‘Russia’s Atlantis’ emerges from sea with tombs dating to time of Genghis Khan

Rob Waugh
Sayano Shushenskaya hydropower station (Getty)

A unique archaeological site described as ‘Russia’s Atlantis’ has emerged from beneath the water of a man-made reservoir - with over 100 undisturbed, ancient graves.

The graves are found in the ‘Sayan Sea’, the Siberian Times report, and date from the Bronze Age up until the time of Genghis Khan.

They appear from the water just once a year, with scientists able to work from mid-May until the end of June, upstream of the Sayano-Shushenskaya Dam.

Researchers have found unique relics including a 2,000 year old mummy dressed in silk, described as a ‘sleeping beauty’, the Siberian Times reported.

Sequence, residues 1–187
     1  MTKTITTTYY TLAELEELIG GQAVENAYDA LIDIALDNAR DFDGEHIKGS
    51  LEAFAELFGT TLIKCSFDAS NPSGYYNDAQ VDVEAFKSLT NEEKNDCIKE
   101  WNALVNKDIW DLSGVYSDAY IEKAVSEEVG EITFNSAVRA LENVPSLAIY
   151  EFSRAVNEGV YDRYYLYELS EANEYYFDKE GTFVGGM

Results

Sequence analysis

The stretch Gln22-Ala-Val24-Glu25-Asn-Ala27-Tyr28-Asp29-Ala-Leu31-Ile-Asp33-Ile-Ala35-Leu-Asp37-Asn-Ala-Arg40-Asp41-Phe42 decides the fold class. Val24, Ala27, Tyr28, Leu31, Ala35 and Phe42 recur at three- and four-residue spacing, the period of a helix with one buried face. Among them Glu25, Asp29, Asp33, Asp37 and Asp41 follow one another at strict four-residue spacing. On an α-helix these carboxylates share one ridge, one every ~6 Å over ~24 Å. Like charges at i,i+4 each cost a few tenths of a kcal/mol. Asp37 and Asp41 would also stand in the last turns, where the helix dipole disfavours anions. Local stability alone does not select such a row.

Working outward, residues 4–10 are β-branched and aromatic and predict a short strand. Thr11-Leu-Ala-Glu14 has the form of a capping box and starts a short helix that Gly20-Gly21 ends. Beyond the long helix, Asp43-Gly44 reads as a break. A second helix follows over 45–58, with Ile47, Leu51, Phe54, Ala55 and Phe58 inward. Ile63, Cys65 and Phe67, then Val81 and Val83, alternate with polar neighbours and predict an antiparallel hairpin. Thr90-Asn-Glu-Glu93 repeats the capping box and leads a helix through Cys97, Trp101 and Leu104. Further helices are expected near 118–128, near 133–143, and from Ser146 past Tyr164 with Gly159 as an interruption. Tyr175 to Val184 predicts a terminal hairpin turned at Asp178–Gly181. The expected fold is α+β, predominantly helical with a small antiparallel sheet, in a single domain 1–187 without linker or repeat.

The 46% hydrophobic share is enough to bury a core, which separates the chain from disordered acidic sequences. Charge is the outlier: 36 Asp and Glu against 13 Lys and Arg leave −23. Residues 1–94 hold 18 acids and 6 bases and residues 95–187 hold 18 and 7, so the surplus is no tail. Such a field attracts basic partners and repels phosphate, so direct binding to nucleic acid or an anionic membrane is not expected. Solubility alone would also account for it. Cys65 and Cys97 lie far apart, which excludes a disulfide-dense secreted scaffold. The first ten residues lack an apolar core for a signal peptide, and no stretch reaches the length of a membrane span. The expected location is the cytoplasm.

Tombs were unearthed at the site (Siberian Times)

‘This site is a scientific sensation’, said Dr Marina Kilunovskaya from the St Petersburg Institute of Material History Culture, who leads the Tuva Archeological Expedition.

‘We are incredibly lucky to have found these graves of rich Hun nomads that were not disturbed by robbers.

‘We discovered 110 burials at the Ala-Tey burial site, which is usually 15 metres underwater.

‘Another site which was made at what is now the Sayan Sea shore is getting quickly destroyed by crumbling soil.

‘It is called Terezin, and there we found 32 graves.’

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